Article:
Spinal stenosis is a condition that occurs when the space surrounding the spinal cord becomes narrowed. It’s mostly commonly caused by ‘wear and tear’ arthritis (osteoarthritis). Treatment and therapy options include pain medication, exercise to alleviate symptoms and, in more severe cases, surgical intervention.
Medical conditions that affect the spine aren’t always the result of a traumatic injury. Conditions such as cervical degenerative disc disease can occur because of simple wear and tear.
A herniated disc is caused by a tear and prolapse of an area of the spinal cord. It can be very painful but is certainly a condition which is treatable.
Other spinal cord problems such as spina bifida arise because of congenital conditions where the spine doesn’t develop properly in the womb.
Here we take a closer look at spinal stenosis, a condition which can be caused for a variety of reasons but affects mainly people over the age of 50.
The spinal column provides a canal through which the spinal cord and the nerves can pass. In diagnosed cases of spinal stenosis, this important space becomes narrowed for one reason or another, placing pressure on the nerves and damaging their ability to transmit information properly.
It is most often caused by wear and tear with conditions such as osteoarthritis that usually present in older age.
Some people may exhibit very few symptoms, others will find things like pain, tingling and muscle weakness gradually getting worse over time.
Spinal stenosis comes in two forms based on where the condition occurs:
Symptoms generally appear gradually over time as the condition worsens. It’s not unusual, however, for someone to experience no symptoms at all. Instead, stenosis will show up on a medical test like a CT or MRI scan.
For cervical stenosis, the most obvious symptoms include a numbness, tingling or weakness in areas like the hands, arms, feet or legs. There may be some neck pain and in some patients there can be difficulty walking properly. If the stenosis is advanced and severe, it can cause issues with bowel and bladder control.
For lumbar stenosis, the numbness and weakness is restricted to the legs and feet, mainly because of the location of the damage. People might lower feel back pain and suffer from cramping in the muscles of the legs.
Some people are born with a narrow spinal canal that can cause issues. Spinal stenosis following a spinal cord injury is also a possibility but can be masked by other symptoms depending on the level of damage.
Spinal stenosis is caused when something happens to narrow the space within the spine. This can include:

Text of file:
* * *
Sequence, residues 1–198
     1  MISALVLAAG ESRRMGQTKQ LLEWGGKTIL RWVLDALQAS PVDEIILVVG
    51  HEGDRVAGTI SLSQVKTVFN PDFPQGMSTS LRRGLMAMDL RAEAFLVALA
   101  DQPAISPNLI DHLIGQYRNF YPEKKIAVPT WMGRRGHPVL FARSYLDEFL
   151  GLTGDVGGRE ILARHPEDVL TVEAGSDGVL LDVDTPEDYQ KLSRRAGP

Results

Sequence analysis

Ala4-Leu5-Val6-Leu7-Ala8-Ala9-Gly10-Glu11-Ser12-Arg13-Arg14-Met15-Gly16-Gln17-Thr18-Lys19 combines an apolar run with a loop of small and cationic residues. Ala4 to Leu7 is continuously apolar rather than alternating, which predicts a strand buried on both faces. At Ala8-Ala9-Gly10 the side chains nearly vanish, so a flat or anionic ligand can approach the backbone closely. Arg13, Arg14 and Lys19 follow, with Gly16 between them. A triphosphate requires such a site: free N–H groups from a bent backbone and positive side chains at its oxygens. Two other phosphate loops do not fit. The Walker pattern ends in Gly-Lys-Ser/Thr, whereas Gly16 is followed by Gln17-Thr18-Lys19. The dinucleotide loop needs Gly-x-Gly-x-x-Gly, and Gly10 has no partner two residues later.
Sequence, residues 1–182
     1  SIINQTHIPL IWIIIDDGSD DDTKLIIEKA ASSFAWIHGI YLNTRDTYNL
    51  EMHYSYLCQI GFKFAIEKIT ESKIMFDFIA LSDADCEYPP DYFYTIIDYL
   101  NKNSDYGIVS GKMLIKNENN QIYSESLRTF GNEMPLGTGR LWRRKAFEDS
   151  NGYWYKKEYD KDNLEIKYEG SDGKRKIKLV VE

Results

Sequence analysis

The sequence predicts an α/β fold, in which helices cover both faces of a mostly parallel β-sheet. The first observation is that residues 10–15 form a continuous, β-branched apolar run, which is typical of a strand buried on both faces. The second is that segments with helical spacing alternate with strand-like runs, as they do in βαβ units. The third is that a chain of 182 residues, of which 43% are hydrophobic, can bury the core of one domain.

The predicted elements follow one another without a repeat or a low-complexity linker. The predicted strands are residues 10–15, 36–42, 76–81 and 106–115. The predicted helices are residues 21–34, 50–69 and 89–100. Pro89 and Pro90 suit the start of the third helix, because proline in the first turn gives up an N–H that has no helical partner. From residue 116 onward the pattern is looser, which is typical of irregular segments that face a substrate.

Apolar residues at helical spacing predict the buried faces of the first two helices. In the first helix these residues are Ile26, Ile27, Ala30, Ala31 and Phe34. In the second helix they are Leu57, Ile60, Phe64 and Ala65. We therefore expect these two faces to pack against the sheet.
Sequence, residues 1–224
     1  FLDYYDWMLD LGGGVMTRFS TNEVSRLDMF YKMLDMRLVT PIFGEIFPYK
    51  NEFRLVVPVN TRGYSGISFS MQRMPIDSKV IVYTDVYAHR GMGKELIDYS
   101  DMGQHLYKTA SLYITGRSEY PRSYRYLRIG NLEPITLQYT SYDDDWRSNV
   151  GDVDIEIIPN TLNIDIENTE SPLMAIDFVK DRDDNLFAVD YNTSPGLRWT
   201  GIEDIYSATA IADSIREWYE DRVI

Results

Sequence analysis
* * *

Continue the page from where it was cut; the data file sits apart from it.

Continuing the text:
The majority of people who are diagnosed with having spinal stenosis are over 50 years old and most cases are attributed to ‘wear and tear’ arthritis. It can also occur in younger people but this is usually down to a traumatic event like a spinal injury or because of a genetic or congenital deformity like scoliosis.
While spinal stenosis can be diagnosed from symptoms, it is usually confirmed using an imaging technique like CT or MRI scanning. Treatment will depend on where the damage has occurred and the severity of the problem.
If the symptoms are mild, a doctor may well just monitor the situation to make sure it doesn’t get any worse.
For pain relief, medications may be prescribed. These can include standard pain relievers such as ibuprofen or Tylenol. Antidepressants and anti-seizure drugs can also be used effectively to treat pain caused by nerve damage. For short-term pain relief, opiates may be used.
If there is a lot of pain being experienced, the individual with spinal stenosis may be less active than previously. It’s actually important to have at least some physical therapy to maintain flexibility and build up the strength of the muscles around the spine. A doctor will advise some exercise to improve the condition.
Nerves that have been pinched because of the narrowing of the spinal canal can become irritated and steroid injections may be used to combat this in certain cases.
In more severe types of spinal stenosis, a medical intervention may be used. This can include:
Other surgical interventions include a laminotomy and laminoplasty on the area of the neck. These are generally a last resort after pain management, not least because not all patients find their symptoms improving following surgery.
Central Cord Syndrome
Heterotopic Ossification and Spinal Cord Injuries
Lumbar Spinal Cord Injuries Explained
Partial Paralysis vs Full Paralysis After a Spinal Cord Injury
Spinal Cord Injury FAQs
Cervical Spinal Cord Injuries Explained
Degenerative Disc Disease Explained
Sacral Spine Injuries